Pale memory

Once hundreds of neat soldiers of the Soviet Army marched here past the tribune of honour and the two freshly painted murals. Today, however, this is only a pale memory of times past. As pale as the colour of the two Soviet steles: One shows a Red Army soldier, the other Lenin. Although the Soviet revolutionary leader has been abandoned for almost 30 years, his stony gaze and charisma still remain on the former parade trail. Weiterlesen

Urbex-Restauration eines Lenin-Wandbilds

Während kaiserliche und sogar kolonialistische oder nationalsozialistische Monumente aufgrund ihres historischen Werts in Deutschland problemlos unter Denkmalschutz stehen können, versuchte man nach der Wende, sämtliche Lenindarstellungen zu schleifen. Einige Exemplare haben die Bilderstürmerei in verlassenen Militärkomplexen der Sowjetarmee überstanden. Jetzt müssen sie der Verwahrlosung und dem Vandalismus widerstehen. Weiterlesen

The golden Lenin

With a fresh, golden layer of paint Lenin shines again in its old splendour. This bust certainly deserves it; after all, its history is one of the most spectacular monumental chronicles in Germany. It is a sculpture from the Soviet Union stolen during World War II, which was to be melted down in Küstrin-Kietz and turned into raw material for the arms industry. Out of ideological conviction, however, two workers of the scrapping company hid the bust and thus prevented its destruction.
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Fürstenwalder statue set up again on Leninsquare

After the military withdrawal in 1994, a statue of Lenin was left behind in the military area of the Soviet Army in Fürstenwalde. The sculpture is presumably a creation of the members of the army from the 1970s. After a long period of uncertainty, the monument was brought into the private collection of the association IFA-Freunde Trebus (Fürstenwalde) in 2015, where it is part of a large exhibition of GDR vehicles, everyday objects and monuments. Weiterlesen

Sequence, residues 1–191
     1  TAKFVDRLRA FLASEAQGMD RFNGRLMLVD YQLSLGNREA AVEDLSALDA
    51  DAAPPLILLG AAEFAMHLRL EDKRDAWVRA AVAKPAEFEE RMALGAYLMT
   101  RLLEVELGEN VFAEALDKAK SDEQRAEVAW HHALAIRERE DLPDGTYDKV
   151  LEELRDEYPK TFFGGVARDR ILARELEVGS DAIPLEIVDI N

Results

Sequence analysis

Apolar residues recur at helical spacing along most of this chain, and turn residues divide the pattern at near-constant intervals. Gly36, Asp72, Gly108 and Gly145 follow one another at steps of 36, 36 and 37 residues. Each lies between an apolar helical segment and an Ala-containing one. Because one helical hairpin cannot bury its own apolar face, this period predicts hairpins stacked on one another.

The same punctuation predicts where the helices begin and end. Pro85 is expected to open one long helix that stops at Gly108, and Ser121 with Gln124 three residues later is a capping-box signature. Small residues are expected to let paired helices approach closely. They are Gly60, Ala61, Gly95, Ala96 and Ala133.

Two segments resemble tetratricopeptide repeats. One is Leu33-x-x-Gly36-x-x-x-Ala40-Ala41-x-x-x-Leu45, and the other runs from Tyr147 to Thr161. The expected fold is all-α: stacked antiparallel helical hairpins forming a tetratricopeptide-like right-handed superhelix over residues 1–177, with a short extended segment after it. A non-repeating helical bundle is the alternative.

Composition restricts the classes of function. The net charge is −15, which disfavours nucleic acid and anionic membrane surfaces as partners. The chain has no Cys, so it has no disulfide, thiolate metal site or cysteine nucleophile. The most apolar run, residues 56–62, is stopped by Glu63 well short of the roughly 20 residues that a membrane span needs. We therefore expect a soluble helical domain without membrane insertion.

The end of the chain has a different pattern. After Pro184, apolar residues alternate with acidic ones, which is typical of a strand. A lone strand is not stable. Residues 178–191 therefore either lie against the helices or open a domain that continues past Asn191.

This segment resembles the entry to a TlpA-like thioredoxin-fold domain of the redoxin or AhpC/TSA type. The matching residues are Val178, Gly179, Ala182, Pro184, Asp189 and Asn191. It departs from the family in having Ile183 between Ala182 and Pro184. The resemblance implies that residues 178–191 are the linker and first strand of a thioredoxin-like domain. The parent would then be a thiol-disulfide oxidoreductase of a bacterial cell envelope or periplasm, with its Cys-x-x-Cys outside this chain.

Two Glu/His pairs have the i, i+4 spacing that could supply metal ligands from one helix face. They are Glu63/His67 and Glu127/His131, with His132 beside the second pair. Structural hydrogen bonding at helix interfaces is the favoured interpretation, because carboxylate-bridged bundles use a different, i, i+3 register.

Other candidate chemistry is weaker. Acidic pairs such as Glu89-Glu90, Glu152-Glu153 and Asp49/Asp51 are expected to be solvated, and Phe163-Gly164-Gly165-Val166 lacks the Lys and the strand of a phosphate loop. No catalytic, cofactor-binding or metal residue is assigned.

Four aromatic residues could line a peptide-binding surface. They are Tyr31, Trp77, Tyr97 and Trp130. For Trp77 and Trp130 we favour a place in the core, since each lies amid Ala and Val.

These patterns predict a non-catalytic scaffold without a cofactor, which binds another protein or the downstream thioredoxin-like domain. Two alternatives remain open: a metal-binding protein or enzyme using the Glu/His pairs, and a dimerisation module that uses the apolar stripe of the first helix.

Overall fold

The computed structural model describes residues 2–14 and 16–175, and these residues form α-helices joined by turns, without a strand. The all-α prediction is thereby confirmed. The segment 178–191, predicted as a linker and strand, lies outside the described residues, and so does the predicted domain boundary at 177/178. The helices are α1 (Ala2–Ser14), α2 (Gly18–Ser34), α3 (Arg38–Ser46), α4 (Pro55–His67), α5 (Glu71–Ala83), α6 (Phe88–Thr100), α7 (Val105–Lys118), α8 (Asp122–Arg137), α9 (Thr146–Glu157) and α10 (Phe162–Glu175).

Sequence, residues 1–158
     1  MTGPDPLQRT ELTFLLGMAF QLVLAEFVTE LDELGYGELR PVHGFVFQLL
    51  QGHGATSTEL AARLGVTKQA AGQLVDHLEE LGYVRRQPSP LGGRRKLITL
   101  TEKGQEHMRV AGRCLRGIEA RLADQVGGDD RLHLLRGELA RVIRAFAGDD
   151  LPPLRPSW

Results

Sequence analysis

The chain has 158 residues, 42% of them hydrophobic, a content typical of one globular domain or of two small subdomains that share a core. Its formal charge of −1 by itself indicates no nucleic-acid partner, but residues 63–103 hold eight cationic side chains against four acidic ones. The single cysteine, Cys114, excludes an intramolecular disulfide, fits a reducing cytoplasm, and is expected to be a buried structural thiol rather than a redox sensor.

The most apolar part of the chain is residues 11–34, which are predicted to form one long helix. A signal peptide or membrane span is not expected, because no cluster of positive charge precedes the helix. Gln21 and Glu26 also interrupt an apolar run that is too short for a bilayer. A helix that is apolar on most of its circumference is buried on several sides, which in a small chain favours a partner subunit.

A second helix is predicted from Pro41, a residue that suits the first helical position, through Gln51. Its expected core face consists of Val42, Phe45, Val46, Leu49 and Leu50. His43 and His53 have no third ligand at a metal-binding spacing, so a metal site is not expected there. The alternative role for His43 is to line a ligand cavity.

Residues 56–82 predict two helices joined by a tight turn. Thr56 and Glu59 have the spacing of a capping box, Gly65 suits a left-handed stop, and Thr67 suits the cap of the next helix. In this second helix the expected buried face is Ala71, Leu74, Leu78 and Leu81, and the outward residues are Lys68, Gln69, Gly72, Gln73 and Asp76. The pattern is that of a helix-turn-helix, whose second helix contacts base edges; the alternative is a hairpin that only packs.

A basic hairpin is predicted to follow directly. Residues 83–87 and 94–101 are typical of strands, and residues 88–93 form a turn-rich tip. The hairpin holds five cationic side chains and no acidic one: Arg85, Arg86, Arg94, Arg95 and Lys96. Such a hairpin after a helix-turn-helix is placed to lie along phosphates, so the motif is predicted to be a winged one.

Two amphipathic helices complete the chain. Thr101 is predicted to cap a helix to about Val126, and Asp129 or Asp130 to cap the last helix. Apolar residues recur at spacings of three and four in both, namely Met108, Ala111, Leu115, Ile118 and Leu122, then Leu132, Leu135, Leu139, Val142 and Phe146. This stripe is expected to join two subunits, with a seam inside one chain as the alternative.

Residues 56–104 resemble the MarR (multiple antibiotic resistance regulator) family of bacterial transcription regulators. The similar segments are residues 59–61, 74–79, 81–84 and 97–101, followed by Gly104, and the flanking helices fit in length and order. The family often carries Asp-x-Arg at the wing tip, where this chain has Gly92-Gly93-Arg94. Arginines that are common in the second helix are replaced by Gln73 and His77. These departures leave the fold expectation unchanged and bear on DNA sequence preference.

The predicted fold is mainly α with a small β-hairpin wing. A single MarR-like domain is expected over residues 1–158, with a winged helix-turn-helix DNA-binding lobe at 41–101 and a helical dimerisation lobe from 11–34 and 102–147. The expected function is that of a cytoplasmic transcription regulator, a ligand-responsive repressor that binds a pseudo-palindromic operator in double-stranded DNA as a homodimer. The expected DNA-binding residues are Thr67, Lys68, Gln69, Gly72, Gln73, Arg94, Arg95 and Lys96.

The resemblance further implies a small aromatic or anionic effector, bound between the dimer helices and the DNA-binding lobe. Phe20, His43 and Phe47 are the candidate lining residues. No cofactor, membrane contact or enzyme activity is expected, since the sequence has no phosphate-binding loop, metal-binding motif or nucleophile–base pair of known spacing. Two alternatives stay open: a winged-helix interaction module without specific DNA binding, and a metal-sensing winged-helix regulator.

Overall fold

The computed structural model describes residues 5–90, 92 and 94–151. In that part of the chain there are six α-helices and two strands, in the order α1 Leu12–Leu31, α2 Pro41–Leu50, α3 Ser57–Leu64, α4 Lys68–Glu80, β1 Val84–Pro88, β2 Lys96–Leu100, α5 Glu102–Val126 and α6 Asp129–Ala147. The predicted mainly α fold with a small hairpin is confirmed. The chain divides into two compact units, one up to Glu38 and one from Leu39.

Strausberg’s Lenin in Trebus

HansKies77

In the year of 2015 a typical scene from the period immediately after the German reunification was seen again in the city of Strausberg: A Lenin-statue being lifted by a crane truck, in order to prepare its removal. The sculpture had been lying in the backyard of the Museum for Local History since 1991, covered by a black plastic. The German Communist Party had proposed its re-erection, but neither the mayor nor the director of the museum were convinced of the idea. Instead, they decided to give the statue to the cultural association “IFA-Freunde Trebus” (from the city of Fürstenwalde), in order to be exposed together with a collection of cars and everyday objects from the GDR. Weiterlesen

Lenin am Matrosendenkmal

Nur fünfzehn Minuten Fußweg vom Rostocker Stadthafen entfernt steht eines der imposantesten revolutionären Denkmäler Deutschlands. Es handelt sich um die in Erinnerung an die Novemberrevolution von 1918 errichtete „Gedenkstätte revolutionärer Matrosen“. Der Kieler Matrosenaufstand hatte damals die Revolution ausgelöst, die zum Sturz der Monarchie im Deutschen Reich und der Gründung einer parlamentarischen Demokratie („Weimarer Republik“) führte. Das Denkmal besteht aus zwei Teilen: eine zwanzig Meter lange Reliefwand mit Szenen der internationalen Arbeiterbewegung und eine neun Meter hohe Bronzeskulptur zweier Matrosen in Angriffsposition. Weiterlesen

Lenin at the Sailors Monument


Only fifteen minutes walk from the Rostock city harbour lies one of the most impressive revolutionary monuments in Germany. It’s the „memorial of revolutionary sailors“ erected in honour of the 1918-November Revolution. The sailors‘ uprising in Kiel was the beginning of the revolution that led to the fall of the monarchy in the German Reich and the foundation of a parliamentary democracy („Weimar Republic“). Rostock’s monument consists of two parts: a twenty-metre-long relief wall with scenes of the international labour movement and a nine-metre-high bronze sculpture of two sailors in attacking position. Weiterlesen

Vogelsang’s Lenin saved from demolition

Vordemmuseum

After the Red Army left its base in Vogelsang, Brandenburg, the abandoned barracks turned into a popular destination for photographers and adventurous tourists. The main attraction was the large mural with a Lenin relief between the old café and the officers‘ house. However, a few years ago, following the decision to renaturalize the area, the demolition of the entire military complex began, which also endangered the Lenin Monument. But finally the monument to the Communist revolutionary was saved in spring of 2017 and taken to Wünsdorf, being placed in front of a museum. Weiterlesen